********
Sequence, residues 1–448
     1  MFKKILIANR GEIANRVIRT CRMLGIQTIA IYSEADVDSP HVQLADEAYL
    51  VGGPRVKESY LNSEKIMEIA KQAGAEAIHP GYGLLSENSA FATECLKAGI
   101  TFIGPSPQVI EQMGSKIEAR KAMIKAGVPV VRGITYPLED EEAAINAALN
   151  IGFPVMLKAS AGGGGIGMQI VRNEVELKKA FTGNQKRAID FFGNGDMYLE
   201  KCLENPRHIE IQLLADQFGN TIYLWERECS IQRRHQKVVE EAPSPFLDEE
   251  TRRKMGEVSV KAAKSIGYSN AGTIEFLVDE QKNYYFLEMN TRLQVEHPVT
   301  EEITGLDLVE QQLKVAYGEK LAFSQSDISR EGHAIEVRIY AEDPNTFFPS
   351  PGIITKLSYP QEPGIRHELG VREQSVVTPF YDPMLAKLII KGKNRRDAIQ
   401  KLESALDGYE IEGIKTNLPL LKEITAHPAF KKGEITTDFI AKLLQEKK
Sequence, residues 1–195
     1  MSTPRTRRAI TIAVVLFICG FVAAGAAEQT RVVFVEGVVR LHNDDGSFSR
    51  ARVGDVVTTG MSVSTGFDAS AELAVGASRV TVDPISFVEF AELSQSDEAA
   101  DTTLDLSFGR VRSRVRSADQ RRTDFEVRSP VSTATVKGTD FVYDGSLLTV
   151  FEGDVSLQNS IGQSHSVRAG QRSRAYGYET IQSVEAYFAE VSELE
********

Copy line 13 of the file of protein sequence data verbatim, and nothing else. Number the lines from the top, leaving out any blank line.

    51  ARVGDVVTTG MSVSTGFDAS AELAVGASRV TVDPISFVEF AELSQSDEAA